States Podcast: Zoom Fatigue: The Fight Is Real

If, like most of us, you’re trying to connect online during a global pandemic, chances are you’ve got a bittersweet relationship with a program called Zoom. It’s helpful, but also exhausting.

University of Michigan psychology and linguistics professor Julie Boland calls this sensation zoom fatigue. It is a subject that teleworkers and students are very familiar with. Part of the problem comes from having difficulty finding a phrase and disrupting the natural flow of personal conversation.

“The response times were about three times longer when they talked about Zoom as opposed to a personal conversation,” concluded Boland and her team of three undergraduate students about their study participants.

“The pauses between speakers in a general English conversation with two participants averages only about 200 milliseconds,” said Boland. “And that’s faster than we can do pretty much anything.”

She explained that scientists think that one person’s brainwaves synchronize with the speed of the other person in order to react so quickly when speaking in person.

“This type of automatic synchronization of your brainwaves doesn’t work that well over Zoom because, in addition to the normal variability in speech rate, you have this additional variability caused by the delay in electronic transmission.”

She went on to say that response times are just one factor contributing to Zoom’s fatigue.

“It’s probably the combination of a lot of different things,” said Boland. “For example, it may be that we don’t make the same type of eye contact, or that non-visual cues don’t work as well because you might not see that much of the person’s body.”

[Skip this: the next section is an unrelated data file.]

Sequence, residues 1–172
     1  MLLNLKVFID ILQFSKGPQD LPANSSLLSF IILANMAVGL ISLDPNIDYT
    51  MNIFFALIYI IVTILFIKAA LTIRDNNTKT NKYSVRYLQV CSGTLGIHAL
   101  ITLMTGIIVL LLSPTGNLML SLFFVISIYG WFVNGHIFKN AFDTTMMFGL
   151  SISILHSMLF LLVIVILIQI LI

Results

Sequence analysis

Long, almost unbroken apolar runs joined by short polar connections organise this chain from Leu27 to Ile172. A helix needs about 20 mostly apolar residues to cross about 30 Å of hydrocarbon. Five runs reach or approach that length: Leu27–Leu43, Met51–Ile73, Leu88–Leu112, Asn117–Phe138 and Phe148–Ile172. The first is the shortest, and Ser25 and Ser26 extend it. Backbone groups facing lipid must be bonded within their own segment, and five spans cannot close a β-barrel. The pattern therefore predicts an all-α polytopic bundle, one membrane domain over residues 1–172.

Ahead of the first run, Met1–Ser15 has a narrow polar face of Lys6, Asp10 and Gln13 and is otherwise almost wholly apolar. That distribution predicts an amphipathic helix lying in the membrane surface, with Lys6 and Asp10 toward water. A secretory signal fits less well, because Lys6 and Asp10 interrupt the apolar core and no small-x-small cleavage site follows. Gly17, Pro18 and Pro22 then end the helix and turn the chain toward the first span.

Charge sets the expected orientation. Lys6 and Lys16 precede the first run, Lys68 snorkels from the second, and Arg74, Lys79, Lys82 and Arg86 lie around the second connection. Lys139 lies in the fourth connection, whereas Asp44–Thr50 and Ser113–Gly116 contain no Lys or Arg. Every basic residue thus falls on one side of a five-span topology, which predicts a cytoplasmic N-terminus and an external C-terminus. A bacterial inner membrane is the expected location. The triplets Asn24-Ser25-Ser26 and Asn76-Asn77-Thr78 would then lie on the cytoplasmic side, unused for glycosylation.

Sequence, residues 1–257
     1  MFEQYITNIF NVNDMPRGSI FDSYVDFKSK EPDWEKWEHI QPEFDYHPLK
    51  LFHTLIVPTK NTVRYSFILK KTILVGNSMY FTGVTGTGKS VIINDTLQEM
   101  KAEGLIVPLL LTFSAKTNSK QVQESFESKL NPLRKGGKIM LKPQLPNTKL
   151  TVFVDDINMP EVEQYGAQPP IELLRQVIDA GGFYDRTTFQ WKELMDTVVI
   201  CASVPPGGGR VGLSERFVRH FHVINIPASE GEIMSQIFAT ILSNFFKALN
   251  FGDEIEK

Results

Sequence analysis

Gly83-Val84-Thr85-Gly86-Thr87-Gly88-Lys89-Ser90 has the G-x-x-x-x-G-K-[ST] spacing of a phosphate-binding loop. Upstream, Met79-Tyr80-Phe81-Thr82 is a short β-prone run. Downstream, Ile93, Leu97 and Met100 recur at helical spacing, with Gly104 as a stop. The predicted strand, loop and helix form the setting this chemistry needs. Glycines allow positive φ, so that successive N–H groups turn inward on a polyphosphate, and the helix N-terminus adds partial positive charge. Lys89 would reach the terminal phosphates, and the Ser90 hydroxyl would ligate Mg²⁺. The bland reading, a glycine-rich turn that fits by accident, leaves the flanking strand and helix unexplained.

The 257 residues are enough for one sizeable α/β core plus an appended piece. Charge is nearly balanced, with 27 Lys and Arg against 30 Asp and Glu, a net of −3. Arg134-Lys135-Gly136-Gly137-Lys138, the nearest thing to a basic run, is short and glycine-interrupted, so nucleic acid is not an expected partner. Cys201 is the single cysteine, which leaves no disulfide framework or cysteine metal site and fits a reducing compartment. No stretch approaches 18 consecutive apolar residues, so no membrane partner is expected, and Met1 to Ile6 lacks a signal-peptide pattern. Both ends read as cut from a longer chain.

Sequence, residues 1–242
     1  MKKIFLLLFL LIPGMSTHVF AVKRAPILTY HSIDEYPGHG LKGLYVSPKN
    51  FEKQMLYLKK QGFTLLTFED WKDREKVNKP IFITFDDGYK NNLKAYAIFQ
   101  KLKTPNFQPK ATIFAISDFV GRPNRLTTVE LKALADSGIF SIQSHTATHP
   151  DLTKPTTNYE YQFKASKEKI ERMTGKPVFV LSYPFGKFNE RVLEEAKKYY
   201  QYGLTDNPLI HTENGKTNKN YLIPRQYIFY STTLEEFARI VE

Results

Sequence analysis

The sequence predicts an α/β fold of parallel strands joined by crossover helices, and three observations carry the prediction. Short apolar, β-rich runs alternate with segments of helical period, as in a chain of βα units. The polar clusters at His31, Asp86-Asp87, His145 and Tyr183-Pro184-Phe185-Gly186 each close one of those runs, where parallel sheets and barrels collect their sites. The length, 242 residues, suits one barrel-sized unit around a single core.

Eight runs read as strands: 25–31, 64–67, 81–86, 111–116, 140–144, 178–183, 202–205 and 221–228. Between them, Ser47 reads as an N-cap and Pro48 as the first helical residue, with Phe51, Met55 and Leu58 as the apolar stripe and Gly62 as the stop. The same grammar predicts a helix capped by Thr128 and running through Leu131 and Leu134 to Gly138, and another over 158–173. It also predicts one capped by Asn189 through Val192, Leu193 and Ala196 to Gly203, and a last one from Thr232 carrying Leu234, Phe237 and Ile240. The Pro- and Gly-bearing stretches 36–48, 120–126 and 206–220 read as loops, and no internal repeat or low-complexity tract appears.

To combat Zoom’s fatigue and keep your break sharp, Boland offered some advice.

“I would suggest experimenting with the parameters,” she said. “Turn off the cameras. That can help. You can try connecting through the phone instead of Zoom. Sometimes I find that switching back and forth between the phone and Zoom feels better than zooming all the time. “

Throughout her studies, Boland also observed a natural adaptation to zoom fatigue that helps remote workers communicate during online meetings. But it might be the last thing you would suspect: speaking for a long time.

“If part of the problem and the zoom fatigue is the kind of added stress deciding when to start talking after your partner has done it, then it is a way to take longer rounds to relieve that stress alleviate, since switching back and forth is less. It’s something that people naturally do without thinking about it. “

And another unexpected suggestion from her is reminiscent of the animal world:

“I often had a pet that showed up during class and my students actually liked that I think.”

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